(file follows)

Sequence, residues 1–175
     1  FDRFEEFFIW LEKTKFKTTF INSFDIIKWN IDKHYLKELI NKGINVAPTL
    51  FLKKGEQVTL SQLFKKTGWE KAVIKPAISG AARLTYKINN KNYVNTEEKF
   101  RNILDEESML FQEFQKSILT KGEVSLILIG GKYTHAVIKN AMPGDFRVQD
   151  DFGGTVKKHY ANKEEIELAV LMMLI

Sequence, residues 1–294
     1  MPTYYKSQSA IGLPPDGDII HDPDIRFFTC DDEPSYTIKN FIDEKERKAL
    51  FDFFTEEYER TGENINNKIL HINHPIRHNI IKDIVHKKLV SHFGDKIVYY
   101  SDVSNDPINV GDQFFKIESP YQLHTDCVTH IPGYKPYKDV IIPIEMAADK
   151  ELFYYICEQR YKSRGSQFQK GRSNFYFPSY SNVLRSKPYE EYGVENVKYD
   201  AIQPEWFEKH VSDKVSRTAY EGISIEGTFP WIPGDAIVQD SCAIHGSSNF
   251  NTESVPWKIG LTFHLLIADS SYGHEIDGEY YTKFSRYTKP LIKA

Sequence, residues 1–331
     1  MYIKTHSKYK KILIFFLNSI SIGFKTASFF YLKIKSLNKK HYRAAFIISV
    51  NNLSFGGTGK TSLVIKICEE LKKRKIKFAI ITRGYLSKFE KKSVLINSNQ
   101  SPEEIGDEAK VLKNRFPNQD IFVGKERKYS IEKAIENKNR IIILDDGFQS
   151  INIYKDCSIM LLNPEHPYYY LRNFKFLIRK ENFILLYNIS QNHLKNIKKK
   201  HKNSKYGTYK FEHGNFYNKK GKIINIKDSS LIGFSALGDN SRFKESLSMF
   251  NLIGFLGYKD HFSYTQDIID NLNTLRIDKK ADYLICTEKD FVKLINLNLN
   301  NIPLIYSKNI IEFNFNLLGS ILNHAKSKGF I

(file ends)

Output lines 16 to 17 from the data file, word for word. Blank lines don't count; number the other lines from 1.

   101  SPEEIGDEAK VLKNRFPNQD IFVGKERKYS IEKAIENKNR IIILDDGFQS
   151  INIYKDCSIM LLNPEHPYYY LRNFKFLIRK ENFILLYNIS QNHLKNIKKK